It will thus be seen that the present invention provides a relatively simple and rugged trailer attachment wherein additional space is provided to which access may be had from either the inside or the outside of the trailer for carrying miscellaneous items Without increasing any of the space requirements within the trailer. Further, be cause of the unique carriage construction, the attachment may be readily removed from the trailer when it is desired to use the trailer separately or to locate the auxiliary enclosure at a more convenient position once the trailer has been moved to a relatively permanent trailer site.
Minor modifications within the spirit and scope of the present invention will readily occur to those skilled in the art. The invention is, therefore, not to be thought of as limited to the particular details illustrated in the accompanying drawings for explanatory purposes.
What is claimed is:
1. An auxiliary trailer attachment for a trailer having an exterior side trailer door, comprising, in combination: an enclosure; carriage means supporting said enclosure adjacent said exterior side of said trailer for longitudinal movement along said side so that said enclosure 'is movable in front of said trailer door said-carriage 'means including a transverse supporting carriage passing partially under said trailer and having an end'po'rtion laterally extending from said trailer side for supporting'said enclosure; track means secured to and running longitudinally along the underside of said traileryrollermeanscoupling said carriage to said track means; a first access means on one side of said enclosure for removing objects therefrom from the outside'of said trailer; and a second access means on another side of said'enelosure facing said side of said trailer for removing objects therefrom from the interior of said trailer through said trailer door when said enclosure is positioned in front of said trailer door.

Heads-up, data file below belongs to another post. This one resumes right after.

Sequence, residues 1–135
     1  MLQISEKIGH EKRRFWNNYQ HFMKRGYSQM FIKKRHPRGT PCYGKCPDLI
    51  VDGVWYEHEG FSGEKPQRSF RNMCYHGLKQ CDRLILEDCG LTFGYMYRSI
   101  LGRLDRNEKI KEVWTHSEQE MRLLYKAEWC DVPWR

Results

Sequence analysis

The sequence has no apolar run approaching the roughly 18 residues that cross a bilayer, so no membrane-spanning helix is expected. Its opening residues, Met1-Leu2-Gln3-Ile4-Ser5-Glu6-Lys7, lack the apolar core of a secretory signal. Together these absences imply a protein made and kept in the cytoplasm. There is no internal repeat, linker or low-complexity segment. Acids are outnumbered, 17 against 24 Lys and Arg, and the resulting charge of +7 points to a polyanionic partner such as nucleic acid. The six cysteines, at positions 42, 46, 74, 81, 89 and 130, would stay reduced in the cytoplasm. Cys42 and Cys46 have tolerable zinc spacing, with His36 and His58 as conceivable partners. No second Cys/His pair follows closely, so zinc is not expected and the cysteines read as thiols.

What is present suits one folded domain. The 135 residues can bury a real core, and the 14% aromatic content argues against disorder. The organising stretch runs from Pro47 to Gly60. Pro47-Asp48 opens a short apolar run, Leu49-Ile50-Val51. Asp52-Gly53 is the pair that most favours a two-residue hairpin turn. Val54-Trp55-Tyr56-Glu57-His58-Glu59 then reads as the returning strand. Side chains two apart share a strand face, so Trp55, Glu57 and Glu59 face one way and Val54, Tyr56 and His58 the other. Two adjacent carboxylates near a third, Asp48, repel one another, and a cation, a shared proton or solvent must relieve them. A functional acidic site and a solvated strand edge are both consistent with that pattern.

2. A trailer attachment according to'claim '1, including motor means for moving 'saidcarriage back and forth along said track means.
3. A trailer attachment for supporting an enclosure to an exterior side of a trailer for longitudinal movement along'said side comprising, in combination: a transverse supporting carriage having one end extending laterally from the lower edge of said trailer for supporting said enclosure, and its other 'end-extending'under said trailer; a'first longitudinal track secured under said'trailer; first roller means secured to the said other end of said carriage adapted to ride in said first track; a second longitudinal track adjacent the lower edge of said side of said trailer;second roller means adapted to ride in said second track; andcoupling means for connecting said second roller means to said carriage-at points intermediate 'said ends whereby said first end portion of said carriage is cantilevered fromthe lower edge'of said trailer side.